India-Russia S-400 Deal: Regional Implications

Three years ago, in December 2015, India approved the purchase of the Russian-made S-400 Triumf air defense system, an anti-ballistic missile, anti-aircraft system, with the aim of deploying five of the batteries against China and Pakistan. Last week, after multiple rounds of negotiations, India and Russia closed the deal at close to USD 5.2 billion with an official announcement included in a joint statement between Russia and India during Russian President Vladimir Putin’s visit to New Delhi. With the high import of this deal, its impact on New Delhi’s defense capabilities and the country’s relations with great powers, as well as the deal’s regional implications merit consideration. The India-Russia S-400 deal could negatively impact the Indo-U.S. relationship and significantly alter India’s regional security environment.

S-400 Deal in Context: History and Motivations

The S-400 Triumf (NATO reporting name: SA-21 Growler) is Russia’s most advanced air defense system. It can destroy incoming missiles, stealth fighter jets, aircraft, and drones at a range of 400 km; it also possesses radars capable of tracking hundreds of targets simultaneously. The system can intercept ballistic missiles with a velocity of 4800 meters per second.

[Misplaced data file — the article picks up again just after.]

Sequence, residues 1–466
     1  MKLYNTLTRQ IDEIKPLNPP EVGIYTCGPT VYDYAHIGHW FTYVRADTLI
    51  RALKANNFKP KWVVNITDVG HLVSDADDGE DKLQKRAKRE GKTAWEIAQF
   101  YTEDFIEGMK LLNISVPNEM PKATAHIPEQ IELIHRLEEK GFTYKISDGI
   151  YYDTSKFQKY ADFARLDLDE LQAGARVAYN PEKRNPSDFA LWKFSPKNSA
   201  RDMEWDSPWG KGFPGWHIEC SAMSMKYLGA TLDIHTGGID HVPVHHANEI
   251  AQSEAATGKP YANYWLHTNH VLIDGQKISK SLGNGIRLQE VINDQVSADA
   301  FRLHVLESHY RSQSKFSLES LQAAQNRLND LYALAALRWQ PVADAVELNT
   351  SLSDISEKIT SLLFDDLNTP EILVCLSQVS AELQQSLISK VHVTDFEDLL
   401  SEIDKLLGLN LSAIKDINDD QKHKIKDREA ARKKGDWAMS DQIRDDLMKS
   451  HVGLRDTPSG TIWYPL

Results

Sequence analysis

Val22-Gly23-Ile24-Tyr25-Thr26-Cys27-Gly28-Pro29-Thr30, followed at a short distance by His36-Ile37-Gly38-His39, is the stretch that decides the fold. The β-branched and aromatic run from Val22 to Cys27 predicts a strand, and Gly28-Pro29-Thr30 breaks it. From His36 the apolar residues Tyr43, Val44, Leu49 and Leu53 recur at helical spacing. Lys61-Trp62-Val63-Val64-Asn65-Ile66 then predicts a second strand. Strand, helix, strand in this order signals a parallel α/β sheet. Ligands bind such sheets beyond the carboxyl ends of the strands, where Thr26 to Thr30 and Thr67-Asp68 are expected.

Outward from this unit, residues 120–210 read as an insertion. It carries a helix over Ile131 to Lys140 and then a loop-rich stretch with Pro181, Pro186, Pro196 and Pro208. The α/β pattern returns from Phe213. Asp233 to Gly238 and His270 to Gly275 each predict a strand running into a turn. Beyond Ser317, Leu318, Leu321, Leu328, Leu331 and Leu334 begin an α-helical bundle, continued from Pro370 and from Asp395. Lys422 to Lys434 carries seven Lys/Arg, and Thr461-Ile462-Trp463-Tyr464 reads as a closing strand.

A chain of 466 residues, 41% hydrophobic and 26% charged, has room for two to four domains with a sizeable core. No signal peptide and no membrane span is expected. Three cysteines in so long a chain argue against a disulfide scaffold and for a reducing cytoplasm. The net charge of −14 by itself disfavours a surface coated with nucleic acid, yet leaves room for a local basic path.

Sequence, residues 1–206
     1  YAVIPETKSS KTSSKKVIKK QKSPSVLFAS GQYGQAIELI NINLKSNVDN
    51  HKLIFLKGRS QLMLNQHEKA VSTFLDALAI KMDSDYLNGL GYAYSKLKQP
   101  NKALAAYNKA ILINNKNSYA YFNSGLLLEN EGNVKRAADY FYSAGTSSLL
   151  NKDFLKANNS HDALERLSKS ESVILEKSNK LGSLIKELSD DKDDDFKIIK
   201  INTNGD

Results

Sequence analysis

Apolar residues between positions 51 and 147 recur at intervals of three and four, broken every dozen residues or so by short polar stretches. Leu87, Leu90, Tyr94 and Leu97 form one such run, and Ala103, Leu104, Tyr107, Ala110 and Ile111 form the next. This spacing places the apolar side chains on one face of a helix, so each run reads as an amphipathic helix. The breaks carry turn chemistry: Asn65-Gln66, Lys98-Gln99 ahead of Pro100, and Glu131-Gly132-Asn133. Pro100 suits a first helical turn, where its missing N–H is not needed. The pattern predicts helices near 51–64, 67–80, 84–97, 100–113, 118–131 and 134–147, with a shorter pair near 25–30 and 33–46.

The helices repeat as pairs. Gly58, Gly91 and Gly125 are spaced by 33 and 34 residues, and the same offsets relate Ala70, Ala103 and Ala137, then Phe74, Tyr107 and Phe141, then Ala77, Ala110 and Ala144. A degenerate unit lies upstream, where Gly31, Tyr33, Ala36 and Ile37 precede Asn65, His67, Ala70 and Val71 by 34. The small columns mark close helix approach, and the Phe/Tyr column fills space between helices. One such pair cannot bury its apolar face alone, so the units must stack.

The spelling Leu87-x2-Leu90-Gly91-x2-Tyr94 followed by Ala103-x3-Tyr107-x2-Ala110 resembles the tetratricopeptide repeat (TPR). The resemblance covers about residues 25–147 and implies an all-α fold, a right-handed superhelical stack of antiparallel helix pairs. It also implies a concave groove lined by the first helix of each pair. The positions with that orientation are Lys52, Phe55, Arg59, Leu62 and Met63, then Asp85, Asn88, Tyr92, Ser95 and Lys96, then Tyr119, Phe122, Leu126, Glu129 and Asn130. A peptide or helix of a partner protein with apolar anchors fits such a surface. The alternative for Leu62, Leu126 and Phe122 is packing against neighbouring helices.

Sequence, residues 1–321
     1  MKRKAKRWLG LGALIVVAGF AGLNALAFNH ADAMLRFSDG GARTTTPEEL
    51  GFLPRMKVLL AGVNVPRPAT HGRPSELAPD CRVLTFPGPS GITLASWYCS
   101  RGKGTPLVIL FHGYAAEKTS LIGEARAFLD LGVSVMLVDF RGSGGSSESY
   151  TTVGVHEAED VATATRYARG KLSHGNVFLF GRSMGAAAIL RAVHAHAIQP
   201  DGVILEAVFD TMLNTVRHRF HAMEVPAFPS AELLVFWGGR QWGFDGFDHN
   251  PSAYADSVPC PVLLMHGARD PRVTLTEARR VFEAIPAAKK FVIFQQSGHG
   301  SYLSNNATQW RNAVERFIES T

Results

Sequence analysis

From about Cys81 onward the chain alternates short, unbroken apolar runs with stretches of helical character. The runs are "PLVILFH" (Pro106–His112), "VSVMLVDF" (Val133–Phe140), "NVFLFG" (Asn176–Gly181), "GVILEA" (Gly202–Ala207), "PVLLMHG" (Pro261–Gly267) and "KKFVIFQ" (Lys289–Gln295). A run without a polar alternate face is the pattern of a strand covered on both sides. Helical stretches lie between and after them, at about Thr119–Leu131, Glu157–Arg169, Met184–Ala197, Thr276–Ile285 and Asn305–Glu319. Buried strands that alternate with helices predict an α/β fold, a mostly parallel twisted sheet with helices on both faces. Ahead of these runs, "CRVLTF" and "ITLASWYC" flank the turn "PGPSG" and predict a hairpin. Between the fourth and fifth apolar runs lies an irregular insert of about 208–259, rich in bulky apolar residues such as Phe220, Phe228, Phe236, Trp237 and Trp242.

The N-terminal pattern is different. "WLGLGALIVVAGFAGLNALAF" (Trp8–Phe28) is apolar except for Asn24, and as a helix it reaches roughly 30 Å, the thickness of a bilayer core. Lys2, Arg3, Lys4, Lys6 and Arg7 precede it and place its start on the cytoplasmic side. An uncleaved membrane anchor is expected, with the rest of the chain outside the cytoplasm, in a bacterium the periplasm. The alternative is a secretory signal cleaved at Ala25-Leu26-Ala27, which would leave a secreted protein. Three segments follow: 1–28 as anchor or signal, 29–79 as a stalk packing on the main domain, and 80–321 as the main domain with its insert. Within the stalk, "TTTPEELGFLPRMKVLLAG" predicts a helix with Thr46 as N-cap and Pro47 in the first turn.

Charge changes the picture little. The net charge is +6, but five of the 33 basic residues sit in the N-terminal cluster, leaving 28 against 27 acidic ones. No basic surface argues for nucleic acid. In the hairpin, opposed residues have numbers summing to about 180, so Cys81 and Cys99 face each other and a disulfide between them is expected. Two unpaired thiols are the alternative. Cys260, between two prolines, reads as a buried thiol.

India embarked on building an indigenous ballistic missile defense system in the late 1990s, of which the Prithvi Air Defense missile and the Advanced Air Defense missile are the two tiers. Since then, the country has also added or is about to add air defense systems from countries like Israel and the United States. China’s recent acquisition of S-400 may have increased India’s eagerness to acquire the system, in order to match Beijing’s strategic capabilities. The system may also provide India with considerable defense against Pakistan’s multiple independently-targetable reentry vehicle (MIRV)-capable ballistic missile Ababeel since the S-400 is capable of creating a multi-layered defense. On the other hand, the multi-billion-dollar deal seems crucial for Russia to enhance its economic condition. It might also provide Russia with an opportunity to balance its relations with China and India by playing a great power’s role.